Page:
A Call to Ministry: Lauren Humphrey uses graphic design skills to illustrate Bible for African children

Lauren Humphrey presents at the 2019 Student Research and Creative Works Expo.

Lauren Humphrey came to UA Little Rock on a Chancellor’s Leadership Corps scholarship to study graphic design. During her time on campus, she discovered another passion: a desire to work in ministry.

“I felt called, but not specifically,” she said. “I know that I want to go into ministry, and I would love to do international missions. I always say I’d pack up now and leave if I could.”

Humphrey, 22, of Fort Smith, Arkansas, will graduate on May 11 with a Bachelor of Fine Arts in graphic design, but she won’t be gone from campus too long. She will return this fall to begin a 10-month internship with Chi Alpha Christian Ministry, which hosts weekly worship gatherings, discipleship groups, retreats, and mission trips for UA Little Rock students.

Chi Alpha staff are full-time missionaries who disciple students on campus. Humphrey’s internship is through the Assembly of God and will help her earn credentials to be appointed as an Assembly of God minister. Humphrey will work with students and then lead an international mission trip in summer 2020.

“After, I will ask the Lord if He will have me to serve in the States or in Africa,” she said.

Humphrey fell in love with international mission work on a Chi Alpha mission trip. Each summer, Chi Alpha takes teams of 15 to 20 students to Africa or Asia for a month. Humphrey traveled to Zambia one summer and to Sri Lanka and Thailand another. Upon returning from Asia, she got a tattoo of the world’s continents on her forearm. It’s a visual reminder that “the Lord is reminding me that I’m unlimited, that He is everywhere.”

Humphrey’s campus pastor, Cody Griggs, suggested she go on her own for a longer period of time if she was considering full-time international missions.

“It was a test of calling – seeing if I could manage a budget, find ministry opportunities, enjoy living among a different culture, and feel a calling from the Lord to go back long term,” she said. “I got a calling to devote my life to ministry. I would love to go back to Africa. It’s my dream, but I want to be in the Lord’s will. I want to be where the Lord would have me.”

Last summer, Humphrey spent three months in Zambia, working with two ministries: The Zambia Project, a Christian nonprofit that establishes churches in the region, and Village of Hope, which serves homeless and orphaned children. The Zambia Project also provides medical services, builds water wells, and translates Bibles into other village languages.

Humphrey stayed in Mongu, which has a school, a hospital, a center where caretakers learn how to care for malnourished children, and a therapy department that helps children with physical and mental disabilities.

“While I was there, I was talking to one of the physical therapists who said it would be really good if they had a Bible for kids,” she said. “The only printed Bible in Mongu is like the King James that uses old English type language that is very hard for children to understand, and it’s not illustrated,” she said.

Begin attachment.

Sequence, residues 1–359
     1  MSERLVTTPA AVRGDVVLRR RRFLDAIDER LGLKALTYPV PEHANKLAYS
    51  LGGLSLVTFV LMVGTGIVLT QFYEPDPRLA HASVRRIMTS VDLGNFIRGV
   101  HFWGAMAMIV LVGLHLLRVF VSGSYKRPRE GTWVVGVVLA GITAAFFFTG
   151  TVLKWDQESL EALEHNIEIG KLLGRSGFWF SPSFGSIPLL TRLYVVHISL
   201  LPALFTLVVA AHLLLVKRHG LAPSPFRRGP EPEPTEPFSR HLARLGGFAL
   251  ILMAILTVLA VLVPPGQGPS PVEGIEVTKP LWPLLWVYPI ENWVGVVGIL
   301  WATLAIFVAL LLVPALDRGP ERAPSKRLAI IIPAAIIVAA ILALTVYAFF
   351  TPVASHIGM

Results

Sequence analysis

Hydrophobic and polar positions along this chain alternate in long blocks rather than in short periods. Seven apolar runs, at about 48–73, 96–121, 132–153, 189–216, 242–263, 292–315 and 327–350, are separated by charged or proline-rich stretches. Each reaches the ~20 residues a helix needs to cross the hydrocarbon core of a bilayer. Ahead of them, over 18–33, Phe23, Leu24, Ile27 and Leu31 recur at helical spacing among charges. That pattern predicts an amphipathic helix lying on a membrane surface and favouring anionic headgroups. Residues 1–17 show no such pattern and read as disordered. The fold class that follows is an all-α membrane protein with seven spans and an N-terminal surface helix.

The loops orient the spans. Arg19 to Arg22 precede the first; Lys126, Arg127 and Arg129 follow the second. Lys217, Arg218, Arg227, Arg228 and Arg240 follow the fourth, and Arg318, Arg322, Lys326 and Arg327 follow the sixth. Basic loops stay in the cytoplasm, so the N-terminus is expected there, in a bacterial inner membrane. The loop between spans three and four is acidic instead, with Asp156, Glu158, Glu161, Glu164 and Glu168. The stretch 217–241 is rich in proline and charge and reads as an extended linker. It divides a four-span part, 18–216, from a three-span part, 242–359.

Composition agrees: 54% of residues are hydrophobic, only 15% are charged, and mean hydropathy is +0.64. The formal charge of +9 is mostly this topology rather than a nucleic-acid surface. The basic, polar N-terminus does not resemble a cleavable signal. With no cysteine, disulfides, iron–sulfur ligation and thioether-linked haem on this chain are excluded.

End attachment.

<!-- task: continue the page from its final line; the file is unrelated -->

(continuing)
Humphrey heard similar sentiments from other missionaries in the area and decided to use her graphic art skills to create an illustrated Bible for African children. The project was part of her Bachelor of Fine Arts thesis project that she presented in April.

Although English is the official language of Zambia, the Lozi dialect is more commonly used in Mongu. Humphrey found an online New International Version  of the Lozi Bible which she used. Illustrating the entire Bible would be difficult to accomplish in a year, so she started with the Book of Luke, one of the Gospels in the New Testament.

“The book is aimed at the second-grade level,” she said. “Those are kids who can read and want to know more about Jesus, but they also need illustrations and bright colors to stay captivated. With the help of an adult reader, it could also be read to little children, and they would also enjoy the illustrations.”

Humphrey selected stories to illustrate and Bible verses to highlight. She needed to test prototypes and experiment with book binding when she learned about UA Little Rock’s Signature Experience Awards program, which provides funding for undergraduate students to work on research or creative works with a professor.

With the grant, she purchased a thermal binding machine, paper, and ink. Her finished project was a 72-page, full-color book she displayed at the Student Research and Creative Works Expo on April 18. Her mentor was Kevin Cates, associate professor of graphic design.

“These probably won’t be sent to Zambia since it would be much more economical for them to be printed in South Africa,” she said of the publication. However, Humphrey hopes to start a nonprofit called Translation Hope so she can raise funds to pay for Bible printing and distribution.

In addition to being a student leader in Chi Alpha, Humphrey has worked on The Forum student newspaper as a designer, section editor, editor, and then executive editor. She also has interned in the Chancellor’s Office. Off campus, she works part-time for the after-school program at Lakewood United Methodist Church in North Little Rock and volunteers with the children and youth ministries at Otter Creek Assembly of God in Little Rock.

Humphrey is the daughter of Anthony and Kim Humphrey of Fort Smith.

Top right photo: Lauren Humphrey exhibits her illustrated children’s Bible at the Student Research and Creative Works Expo on April 18 in the Jack Stephens Center. Above photo: Lauren Humphrey binds pages together in a Bible she illustrated for children in Zambia. The project was part of her BFA in graphic design thesis project.

Photos by Benjamin Krain

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